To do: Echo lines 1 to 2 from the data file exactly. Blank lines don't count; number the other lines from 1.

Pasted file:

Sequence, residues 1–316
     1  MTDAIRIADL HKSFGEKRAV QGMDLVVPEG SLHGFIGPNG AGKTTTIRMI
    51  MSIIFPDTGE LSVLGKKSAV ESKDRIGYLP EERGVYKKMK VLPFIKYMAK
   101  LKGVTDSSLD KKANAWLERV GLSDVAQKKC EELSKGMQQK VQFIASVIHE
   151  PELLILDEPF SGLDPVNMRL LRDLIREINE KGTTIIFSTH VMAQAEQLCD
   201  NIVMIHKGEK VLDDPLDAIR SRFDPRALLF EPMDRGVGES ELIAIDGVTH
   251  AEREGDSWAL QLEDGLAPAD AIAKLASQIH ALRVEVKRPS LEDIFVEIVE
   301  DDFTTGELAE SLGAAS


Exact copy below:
Sequence, residues 1–316
     1  MTDAIRIADL HKSFGEKRAV QGMDLVVPEG SLHGFIGPNG AGKTTTIRMI